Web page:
Designing a Visual Language for Interaction Representation, Based on Aspects of Human Movement

Designing a Visual Language for Interaction Representation, Based on Aspects of Human Movement

Kristine Deray (University of Technology, Sydney, Australia)
DOI: 10.4018/978-1-59904-534-4.ch011
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Abstract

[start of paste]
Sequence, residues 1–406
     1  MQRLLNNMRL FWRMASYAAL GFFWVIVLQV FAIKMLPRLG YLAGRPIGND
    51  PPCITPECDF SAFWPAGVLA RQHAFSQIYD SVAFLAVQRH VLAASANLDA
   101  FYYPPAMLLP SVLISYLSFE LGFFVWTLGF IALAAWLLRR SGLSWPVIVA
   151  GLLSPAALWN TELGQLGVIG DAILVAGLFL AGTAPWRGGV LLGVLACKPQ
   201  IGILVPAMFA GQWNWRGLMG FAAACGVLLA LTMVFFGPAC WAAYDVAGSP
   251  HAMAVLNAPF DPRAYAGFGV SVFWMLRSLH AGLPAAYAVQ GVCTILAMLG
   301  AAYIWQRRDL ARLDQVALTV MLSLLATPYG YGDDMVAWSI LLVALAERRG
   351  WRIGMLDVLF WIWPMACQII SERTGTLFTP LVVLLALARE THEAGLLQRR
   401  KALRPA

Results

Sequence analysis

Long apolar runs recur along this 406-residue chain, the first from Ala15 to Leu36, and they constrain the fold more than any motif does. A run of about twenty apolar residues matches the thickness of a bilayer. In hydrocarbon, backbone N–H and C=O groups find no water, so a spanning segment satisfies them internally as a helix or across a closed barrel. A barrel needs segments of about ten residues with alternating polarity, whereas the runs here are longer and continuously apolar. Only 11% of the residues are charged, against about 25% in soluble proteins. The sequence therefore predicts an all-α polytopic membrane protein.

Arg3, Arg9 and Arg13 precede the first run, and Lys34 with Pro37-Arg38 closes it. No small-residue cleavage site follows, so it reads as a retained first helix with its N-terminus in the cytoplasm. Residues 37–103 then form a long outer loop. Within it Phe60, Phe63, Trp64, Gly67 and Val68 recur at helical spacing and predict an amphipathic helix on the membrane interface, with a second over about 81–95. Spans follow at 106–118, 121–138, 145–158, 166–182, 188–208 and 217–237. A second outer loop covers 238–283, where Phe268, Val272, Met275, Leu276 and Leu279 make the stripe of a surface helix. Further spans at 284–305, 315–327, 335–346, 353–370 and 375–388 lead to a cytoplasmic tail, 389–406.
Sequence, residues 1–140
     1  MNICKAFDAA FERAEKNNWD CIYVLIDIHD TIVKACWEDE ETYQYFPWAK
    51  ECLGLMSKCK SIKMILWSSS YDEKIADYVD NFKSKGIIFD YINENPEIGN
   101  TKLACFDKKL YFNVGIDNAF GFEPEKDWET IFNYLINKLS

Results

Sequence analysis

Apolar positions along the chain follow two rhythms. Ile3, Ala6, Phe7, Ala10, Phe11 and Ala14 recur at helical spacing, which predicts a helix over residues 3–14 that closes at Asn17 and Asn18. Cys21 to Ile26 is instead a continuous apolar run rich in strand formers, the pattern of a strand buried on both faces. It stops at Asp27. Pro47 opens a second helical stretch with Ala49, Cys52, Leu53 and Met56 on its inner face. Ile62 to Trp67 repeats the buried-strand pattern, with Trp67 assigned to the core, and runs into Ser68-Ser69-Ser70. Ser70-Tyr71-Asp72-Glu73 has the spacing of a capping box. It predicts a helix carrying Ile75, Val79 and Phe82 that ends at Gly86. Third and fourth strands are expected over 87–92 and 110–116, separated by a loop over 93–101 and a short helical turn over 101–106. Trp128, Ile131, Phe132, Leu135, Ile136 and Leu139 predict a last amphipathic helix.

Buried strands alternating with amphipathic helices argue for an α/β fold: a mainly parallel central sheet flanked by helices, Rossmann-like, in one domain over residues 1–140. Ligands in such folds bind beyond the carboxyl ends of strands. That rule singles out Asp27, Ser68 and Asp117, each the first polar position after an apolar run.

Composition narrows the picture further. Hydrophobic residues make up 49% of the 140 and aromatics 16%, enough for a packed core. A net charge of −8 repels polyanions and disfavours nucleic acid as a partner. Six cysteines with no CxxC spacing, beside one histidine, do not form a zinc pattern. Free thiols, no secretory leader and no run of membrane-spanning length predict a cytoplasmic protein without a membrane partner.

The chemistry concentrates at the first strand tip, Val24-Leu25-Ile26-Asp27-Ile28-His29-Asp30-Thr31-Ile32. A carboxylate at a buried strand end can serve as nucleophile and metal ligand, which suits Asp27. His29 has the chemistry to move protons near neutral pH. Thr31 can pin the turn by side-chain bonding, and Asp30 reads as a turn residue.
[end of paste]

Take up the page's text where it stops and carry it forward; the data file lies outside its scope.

Interactions are core part of interactive computing. However, their mechanisms remain poorly understood. The tendency has been to understand interactions in terms of the results they produce rather than to provide the mechanisms that explain “how” interactions unfold in time. In this chapter, we present a framework for creating visual languages for representing interactions, which uses human movement as a source for the core concepts of the visual language. Our approach is motivated and supported by the evidence, coming from the research on kinaesthetic thinking, that constructs based on human movement support higher-level cognitive processes and can be intuitively recognised by humans. We presented an overview of the framework, an instance of a visual language design using the proposed framework and its application for representing and analysing interactions between patients and practitioners in the healthcare domain. Developed approach and the corresponding techniques target interactive computer systems for facilitating interaction-rich domains, such as health care, in particular occupational therapy, collaborative design, and learning.

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